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Record number of journalists forced into exile in last 12 months, according to CPJ survey; Iraq and Somalia hardest hit

(CPJ/IFEX) - The following is a CPJ press release:

CPJ: Record Numbers of Journalists Forced Into Exile
Iraq and Somalia hardest hit

New York, June 18, 2008 - Journalists were forced into exile at a record pace in the last 12 months, with at least 82 leaving their native countries under threat or harassment, according to a survey released today by the Committee to Protect Journalists. More than half of the journalists fled the conflict-ridden countries of Iraq and Somalia.

The rate of journalists going into exile - about seven per month - is double the average that CPJ has recorded since it began compiling such data in 2001. The majority fled after being assaulted, threatened with violence, or threatened with death.

The exodus of reporters from Iraq and Somalia has thinned the reporting ranks in two important conflict zones. Kidnappings and death threats drove out at least 22 Iraqi journalists in the last 12 months, CPJ found. The Chicago Tribune's Paul Salopek told CPJ that the 21 cases of Somali journalists in exile represent "a journalist community from an entire country on the run."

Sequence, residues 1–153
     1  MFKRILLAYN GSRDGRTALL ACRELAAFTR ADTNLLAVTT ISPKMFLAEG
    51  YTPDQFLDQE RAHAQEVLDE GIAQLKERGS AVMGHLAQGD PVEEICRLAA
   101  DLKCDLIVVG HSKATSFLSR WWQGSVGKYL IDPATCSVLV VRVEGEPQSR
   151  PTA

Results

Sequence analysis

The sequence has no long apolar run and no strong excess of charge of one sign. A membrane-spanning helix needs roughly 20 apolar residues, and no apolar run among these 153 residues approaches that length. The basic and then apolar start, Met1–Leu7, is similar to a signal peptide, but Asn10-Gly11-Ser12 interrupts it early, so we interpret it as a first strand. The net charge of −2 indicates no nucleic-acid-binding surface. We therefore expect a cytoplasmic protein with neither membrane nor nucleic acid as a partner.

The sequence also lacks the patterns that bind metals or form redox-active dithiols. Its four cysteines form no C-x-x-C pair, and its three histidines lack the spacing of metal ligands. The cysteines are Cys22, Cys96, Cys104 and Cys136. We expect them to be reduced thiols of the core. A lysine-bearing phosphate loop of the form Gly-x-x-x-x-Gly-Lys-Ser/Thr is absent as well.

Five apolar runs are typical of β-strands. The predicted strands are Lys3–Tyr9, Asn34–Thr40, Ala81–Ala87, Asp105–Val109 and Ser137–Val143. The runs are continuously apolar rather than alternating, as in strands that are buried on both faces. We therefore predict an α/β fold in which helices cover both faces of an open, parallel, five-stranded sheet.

"CPJ is concerned when threats, imprisonment and harassment force any journalist from his or her home, but when the media are driven out en masse as in Iraq and Somalia, a vital piece of those societies is being lost," said Joel Simon, CPJ's executive director.

Issued to mark World Refugee Day, June 20, CPJ's survey focuses on journalists who were forced to run because of their work and who remained in exile for at least three months. More information about journalists in exile is available from CPJ's Journalist Assistance program,

CPJ is a New York-based, independent, nonprofit organization that works to safeguard press freedom worldwide. For more information, visit

To read the full report, see:

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